Alta Loma Cigar Cards

Collector score: **** (4  Stars)

Prices reflect value in Near Mint condition

Alta Loma were made for just one year, 1995. Dimensions are 2.5 x 3.5 inches.
The last known tobacco cards ever issued, one card was placed in each package of 4 hand-rolled cigars under the brand name “Alta Loma Premiums” during that year. The company operated during the mid 1990s in Tampa, Florida.

The product was created, packaged, and distributed at a few places locally, but the company was unable to find a national distributor and soon went out of business. The creators thought it was a great gimmick to bring back the cigar card at the height of card collecting. The distributors felt otherwise. They figured that it might cause problems to associate athletes with smoking. A few boxes were apparently sold locally before the project folded, quantity unknown.

Regardless of the questions about their political correctness, by all accounts they are high quality cards. The cards are thick and sturdy, printed on pasteboard with monochrome fronts and spot color on the backs. They are cogently written and seem to have been well researched.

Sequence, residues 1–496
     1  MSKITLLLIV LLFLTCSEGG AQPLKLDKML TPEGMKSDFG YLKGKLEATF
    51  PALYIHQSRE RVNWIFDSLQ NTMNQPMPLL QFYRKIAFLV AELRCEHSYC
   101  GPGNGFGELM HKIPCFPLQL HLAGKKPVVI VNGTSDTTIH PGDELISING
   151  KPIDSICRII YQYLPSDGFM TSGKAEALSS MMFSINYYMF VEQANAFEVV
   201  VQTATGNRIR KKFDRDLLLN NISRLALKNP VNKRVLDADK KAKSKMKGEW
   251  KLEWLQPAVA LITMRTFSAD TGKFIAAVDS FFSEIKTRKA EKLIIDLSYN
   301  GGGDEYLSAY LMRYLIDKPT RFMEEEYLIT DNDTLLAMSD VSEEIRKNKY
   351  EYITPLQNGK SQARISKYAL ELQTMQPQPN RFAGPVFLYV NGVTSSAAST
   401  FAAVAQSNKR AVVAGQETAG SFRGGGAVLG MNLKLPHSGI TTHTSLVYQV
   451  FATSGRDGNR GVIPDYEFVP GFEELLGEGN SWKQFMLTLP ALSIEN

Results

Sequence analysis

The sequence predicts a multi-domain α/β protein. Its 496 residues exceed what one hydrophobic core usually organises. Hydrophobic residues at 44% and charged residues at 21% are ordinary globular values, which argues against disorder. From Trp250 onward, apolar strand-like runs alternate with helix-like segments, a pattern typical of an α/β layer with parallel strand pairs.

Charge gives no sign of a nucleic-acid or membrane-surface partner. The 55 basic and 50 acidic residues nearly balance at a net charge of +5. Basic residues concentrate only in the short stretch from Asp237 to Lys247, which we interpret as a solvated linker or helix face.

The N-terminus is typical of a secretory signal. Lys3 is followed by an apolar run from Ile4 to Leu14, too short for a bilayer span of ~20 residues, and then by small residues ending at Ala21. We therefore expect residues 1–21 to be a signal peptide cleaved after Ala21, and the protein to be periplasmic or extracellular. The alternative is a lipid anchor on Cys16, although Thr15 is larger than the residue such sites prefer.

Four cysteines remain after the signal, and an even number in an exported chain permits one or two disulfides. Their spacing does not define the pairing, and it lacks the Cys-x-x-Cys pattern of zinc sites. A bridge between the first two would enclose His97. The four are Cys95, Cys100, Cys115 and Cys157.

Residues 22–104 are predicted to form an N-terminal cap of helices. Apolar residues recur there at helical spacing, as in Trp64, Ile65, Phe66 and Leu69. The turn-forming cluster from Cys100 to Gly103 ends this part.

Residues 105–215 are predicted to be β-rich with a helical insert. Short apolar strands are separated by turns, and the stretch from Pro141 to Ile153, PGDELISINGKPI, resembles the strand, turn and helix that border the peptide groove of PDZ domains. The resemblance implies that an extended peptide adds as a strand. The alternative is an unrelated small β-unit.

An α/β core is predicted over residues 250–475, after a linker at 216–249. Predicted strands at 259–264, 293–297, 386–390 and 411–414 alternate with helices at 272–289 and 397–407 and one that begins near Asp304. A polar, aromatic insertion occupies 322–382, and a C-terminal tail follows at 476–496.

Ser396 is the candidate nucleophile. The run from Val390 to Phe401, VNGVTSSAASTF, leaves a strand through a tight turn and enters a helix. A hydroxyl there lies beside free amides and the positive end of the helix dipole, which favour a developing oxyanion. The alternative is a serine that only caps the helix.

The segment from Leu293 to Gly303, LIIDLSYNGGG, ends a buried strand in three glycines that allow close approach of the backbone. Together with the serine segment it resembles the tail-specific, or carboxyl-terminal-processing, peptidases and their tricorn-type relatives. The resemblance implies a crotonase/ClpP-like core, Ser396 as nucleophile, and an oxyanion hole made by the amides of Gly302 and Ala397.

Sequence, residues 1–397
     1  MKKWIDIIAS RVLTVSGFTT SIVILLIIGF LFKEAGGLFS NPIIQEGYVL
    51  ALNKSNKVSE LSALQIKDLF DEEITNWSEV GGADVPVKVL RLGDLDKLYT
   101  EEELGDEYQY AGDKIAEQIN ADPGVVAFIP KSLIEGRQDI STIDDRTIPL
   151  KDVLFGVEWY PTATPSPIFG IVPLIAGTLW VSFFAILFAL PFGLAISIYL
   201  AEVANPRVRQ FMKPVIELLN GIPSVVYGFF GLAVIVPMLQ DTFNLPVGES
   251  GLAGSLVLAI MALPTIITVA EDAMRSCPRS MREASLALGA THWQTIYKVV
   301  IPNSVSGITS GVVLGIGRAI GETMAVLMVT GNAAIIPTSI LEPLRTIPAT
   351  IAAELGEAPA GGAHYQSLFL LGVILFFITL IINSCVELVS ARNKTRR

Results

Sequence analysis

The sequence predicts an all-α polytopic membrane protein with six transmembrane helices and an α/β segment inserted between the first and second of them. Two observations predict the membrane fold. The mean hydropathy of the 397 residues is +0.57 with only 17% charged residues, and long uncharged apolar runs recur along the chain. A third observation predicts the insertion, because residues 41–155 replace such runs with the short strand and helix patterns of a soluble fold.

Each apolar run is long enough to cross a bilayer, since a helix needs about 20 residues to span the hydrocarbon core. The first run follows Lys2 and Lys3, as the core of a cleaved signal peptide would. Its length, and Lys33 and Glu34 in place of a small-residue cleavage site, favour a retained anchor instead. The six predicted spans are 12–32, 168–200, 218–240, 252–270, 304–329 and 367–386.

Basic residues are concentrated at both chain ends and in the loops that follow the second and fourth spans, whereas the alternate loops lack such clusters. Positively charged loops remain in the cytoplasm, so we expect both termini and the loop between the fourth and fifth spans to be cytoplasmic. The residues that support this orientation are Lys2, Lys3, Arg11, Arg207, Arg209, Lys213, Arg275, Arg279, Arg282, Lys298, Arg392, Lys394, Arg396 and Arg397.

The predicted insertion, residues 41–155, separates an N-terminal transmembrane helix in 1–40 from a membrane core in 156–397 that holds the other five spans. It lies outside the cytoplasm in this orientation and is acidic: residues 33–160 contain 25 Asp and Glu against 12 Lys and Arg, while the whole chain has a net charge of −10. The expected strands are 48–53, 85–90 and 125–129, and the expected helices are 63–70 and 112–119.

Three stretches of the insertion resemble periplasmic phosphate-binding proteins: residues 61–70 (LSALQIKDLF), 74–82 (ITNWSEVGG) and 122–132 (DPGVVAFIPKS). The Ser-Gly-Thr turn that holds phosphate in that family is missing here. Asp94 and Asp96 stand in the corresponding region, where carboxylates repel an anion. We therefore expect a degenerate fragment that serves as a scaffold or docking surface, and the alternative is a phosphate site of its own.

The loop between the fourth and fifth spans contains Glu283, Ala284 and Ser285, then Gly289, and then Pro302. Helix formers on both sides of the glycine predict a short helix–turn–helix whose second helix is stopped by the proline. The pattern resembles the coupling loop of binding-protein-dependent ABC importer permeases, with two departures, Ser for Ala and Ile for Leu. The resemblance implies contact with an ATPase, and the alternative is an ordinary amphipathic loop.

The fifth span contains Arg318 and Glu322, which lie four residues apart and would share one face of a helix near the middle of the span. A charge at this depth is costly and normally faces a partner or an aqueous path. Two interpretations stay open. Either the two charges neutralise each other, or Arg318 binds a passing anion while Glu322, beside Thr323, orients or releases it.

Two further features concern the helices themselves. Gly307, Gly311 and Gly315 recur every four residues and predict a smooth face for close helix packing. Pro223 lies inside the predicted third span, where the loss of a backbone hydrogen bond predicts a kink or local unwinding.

Alta Lomas are all serial-numbered up to #50 – no more than 50 of each card was created. The set includes 500 cards, so the total maximum number of these cards which might exist is 25,000 cards. That’s a small issue by any standards.

The subjects are baseball players, actresses, boxers, football players, and other famous personalities. Known cards include: Ty Cobb, Floyd Patterson, Rick Casares, Al Lopez, Babe Ruth, Pete Rose, Willie Mays, Carole Lombard, Brooks Robinson, and Paul Hornung.

Considering that these are probably the last tobacco cards which will ever be issued, and the small number of cards printed, they have collectible value. If the venture had been successful, they might be worth a lot more. Even so, in near-mint condition, they should probably retail for $20 and up for “commons” and more for the big names.

The cards have a nice feel to them, using cardboard similar to that used in the early 1950s Topps cards.

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